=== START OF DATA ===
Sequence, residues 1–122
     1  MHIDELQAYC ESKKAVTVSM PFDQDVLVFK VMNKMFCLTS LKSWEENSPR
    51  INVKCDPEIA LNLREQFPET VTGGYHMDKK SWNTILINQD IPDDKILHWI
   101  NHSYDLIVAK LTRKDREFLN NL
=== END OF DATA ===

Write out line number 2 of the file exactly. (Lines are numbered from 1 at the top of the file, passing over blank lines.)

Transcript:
     1  MHIDELQAYC ESKKAVTVSM PFDQDVLVFK VMNKMFCLTS LKSWEENSPR